The Jurong Country Club will be the site for the terminus of the high-speed rail link between Kuala Lumpur and Singapore. This 67 hectare plot of land has been acquired by the government. This was announced recently on Monday, 11 May 2015.
The high-speed rail project has been in the works since September 2010. Official agreement from both countries came in 2013. It made sense as it would increase options of travel modes between the two cities. At a speed of 300 km/hr it would take an hour and a half for the trip. Currently travelling by road takes 5 hours; by railway it takes 7 hours; by plane it takes about 4 hours (including travel to airport and check in and other procedures). Most people welcome the option of a high-speed rail. But what will it mean to have the terminus at the intended location for people who live in Jurong East?
The Jurong East and Lake area has been earmarked as the second business district of Singapore. Altogether it is the size of the Marina Bay business district. Already there are five shopping malls, one large hospital, one hotel, two condominiums (still being built), and the older International Business District. Some government ministry will be occupying the office towers above one of the newer malls. Roads are also being built and widened in anticipation of increased traffic congestion. It will be very congested when all the plans are realized and the people occupy the offices and hospitals and hotels, and when the high-speed rail starts operation in seven years. What will it be like with the high speed rail terminus situated at the Jurong Country Club?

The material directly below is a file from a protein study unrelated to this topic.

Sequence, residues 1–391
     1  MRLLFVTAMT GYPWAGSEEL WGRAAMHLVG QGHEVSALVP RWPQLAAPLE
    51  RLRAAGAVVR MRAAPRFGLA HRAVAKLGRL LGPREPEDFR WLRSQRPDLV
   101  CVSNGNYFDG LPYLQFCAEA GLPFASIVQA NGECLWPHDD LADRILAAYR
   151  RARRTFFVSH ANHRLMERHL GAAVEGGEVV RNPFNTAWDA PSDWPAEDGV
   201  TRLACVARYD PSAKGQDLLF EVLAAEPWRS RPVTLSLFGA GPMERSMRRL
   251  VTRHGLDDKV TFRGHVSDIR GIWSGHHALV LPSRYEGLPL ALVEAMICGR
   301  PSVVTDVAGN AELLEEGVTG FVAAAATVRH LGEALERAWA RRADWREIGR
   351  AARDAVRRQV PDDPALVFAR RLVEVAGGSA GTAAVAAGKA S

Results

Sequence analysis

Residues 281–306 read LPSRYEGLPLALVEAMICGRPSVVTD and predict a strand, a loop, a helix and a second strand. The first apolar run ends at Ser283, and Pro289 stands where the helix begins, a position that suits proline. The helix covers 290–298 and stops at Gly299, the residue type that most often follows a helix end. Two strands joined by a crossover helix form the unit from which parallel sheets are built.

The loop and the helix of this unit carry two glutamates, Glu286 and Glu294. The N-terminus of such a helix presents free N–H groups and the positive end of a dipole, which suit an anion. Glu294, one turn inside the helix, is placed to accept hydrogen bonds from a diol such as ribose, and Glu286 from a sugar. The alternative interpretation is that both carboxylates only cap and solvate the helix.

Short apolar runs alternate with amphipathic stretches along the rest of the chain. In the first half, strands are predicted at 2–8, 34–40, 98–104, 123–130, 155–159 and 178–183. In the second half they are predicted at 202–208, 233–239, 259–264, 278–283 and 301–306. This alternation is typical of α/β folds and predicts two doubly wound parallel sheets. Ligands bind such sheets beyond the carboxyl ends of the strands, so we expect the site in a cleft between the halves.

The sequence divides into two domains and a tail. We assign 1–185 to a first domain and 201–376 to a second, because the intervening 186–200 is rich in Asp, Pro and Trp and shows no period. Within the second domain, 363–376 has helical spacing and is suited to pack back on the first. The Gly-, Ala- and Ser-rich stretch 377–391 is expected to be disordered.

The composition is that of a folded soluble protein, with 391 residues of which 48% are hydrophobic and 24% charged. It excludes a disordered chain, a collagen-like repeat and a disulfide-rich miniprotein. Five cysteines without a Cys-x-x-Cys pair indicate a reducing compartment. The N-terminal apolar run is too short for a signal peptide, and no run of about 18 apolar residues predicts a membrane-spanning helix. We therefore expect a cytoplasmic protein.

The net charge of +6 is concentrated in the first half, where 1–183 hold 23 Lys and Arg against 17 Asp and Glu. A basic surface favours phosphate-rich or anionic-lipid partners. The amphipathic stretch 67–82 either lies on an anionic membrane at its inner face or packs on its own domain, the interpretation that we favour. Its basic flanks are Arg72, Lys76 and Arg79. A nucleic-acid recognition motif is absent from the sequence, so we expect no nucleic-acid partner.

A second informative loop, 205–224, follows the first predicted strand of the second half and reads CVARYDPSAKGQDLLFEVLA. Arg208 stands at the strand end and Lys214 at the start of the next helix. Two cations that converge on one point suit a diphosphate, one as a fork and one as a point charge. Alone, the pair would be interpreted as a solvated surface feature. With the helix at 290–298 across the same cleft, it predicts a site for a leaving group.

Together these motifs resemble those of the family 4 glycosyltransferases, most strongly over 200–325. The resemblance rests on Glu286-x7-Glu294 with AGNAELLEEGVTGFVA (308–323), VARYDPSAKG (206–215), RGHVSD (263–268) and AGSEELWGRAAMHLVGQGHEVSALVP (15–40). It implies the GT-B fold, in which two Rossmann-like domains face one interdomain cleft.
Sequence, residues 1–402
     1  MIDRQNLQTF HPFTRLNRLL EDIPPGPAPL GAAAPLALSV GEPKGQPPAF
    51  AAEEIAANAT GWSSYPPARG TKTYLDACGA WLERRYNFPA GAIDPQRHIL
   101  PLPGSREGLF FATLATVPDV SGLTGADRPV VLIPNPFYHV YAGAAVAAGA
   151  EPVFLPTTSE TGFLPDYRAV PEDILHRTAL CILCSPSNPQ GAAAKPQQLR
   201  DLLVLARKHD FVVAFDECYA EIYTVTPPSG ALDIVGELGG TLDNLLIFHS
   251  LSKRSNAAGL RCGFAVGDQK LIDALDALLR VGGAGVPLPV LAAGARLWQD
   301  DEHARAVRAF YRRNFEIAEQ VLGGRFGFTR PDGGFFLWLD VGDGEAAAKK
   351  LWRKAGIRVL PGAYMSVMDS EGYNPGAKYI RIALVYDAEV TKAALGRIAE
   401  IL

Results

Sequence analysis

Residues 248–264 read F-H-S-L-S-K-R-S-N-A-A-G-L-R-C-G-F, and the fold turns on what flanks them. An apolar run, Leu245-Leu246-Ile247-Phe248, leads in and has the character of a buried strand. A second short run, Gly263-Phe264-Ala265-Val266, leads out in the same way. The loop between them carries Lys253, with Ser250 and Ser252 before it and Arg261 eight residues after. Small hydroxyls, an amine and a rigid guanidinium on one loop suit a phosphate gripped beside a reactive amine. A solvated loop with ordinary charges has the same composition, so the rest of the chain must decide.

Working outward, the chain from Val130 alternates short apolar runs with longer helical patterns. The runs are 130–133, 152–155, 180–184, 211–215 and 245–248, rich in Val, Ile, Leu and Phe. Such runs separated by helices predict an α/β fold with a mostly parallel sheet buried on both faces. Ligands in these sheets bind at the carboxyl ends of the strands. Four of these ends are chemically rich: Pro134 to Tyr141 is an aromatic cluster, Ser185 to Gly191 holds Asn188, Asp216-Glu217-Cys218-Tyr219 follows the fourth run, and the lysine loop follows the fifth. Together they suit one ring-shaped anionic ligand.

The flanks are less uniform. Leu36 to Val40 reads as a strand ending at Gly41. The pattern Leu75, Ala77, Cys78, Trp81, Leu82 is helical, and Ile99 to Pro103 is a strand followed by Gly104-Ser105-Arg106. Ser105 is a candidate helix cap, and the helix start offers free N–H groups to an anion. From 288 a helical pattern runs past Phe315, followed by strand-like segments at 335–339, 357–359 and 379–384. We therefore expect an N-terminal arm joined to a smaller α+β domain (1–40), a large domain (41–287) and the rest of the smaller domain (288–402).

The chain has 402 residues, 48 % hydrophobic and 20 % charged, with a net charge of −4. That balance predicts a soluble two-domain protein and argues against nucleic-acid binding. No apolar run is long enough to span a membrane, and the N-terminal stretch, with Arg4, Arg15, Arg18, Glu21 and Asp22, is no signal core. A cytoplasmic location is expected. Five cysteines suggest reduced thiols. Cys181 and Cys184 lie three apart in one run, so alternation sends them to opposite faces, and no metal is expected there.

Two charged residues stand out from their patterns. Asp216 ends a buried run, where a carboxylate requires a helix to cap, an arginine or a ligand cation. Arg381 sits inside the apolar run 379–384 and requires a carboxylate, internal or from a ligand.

For one thing it will be sad for the members of the country club as they have to leave by November 2016 and after investing heavily in redoing the greens recently. I hope they get compensated well, but it is always difficult to satisfactorily compensate fond memories and intangibles like prestige and status. But then golf courses are enjoyed by the privileged not the majority. And though I enjoy the luxurious slice of green from my apartment window, and the peace and quiet and low density of their land usage, I must agree that for Jurong East to be a second CBD, the golf course looks like underutilized space. It was only logical that the terminus be located there and its surrounding land be developed into valuable mixed recreational, hotel, residential and office space. The development of Singapore is marked by the tears of many landowners.
A few friends told me that this would raise the values of residential property around the development, including mine. However this is nothing to yam seng about because it is mere paper gain for those of us who will be living in our apartments over the long term. Even if you sell it to realize a profit, where do you go to live, since living in a continually dynamic and progressive environment can be quite heady.
From my cycling of Jurong Lake park connector, I now get to enjoy a serene piece of green – the golf course. Sadly this will be replaced by buildings and other infrastructural development for the high-speed rail. I have to start savouring this green stretch across the lake and say my goodbyes before the golf course is taken over. In addition, the view from my apartment will change too as new buildings tower over where the country club now stands in stately dignity. Well, that’s life in Singapore. Unblocked views are never guaranteed.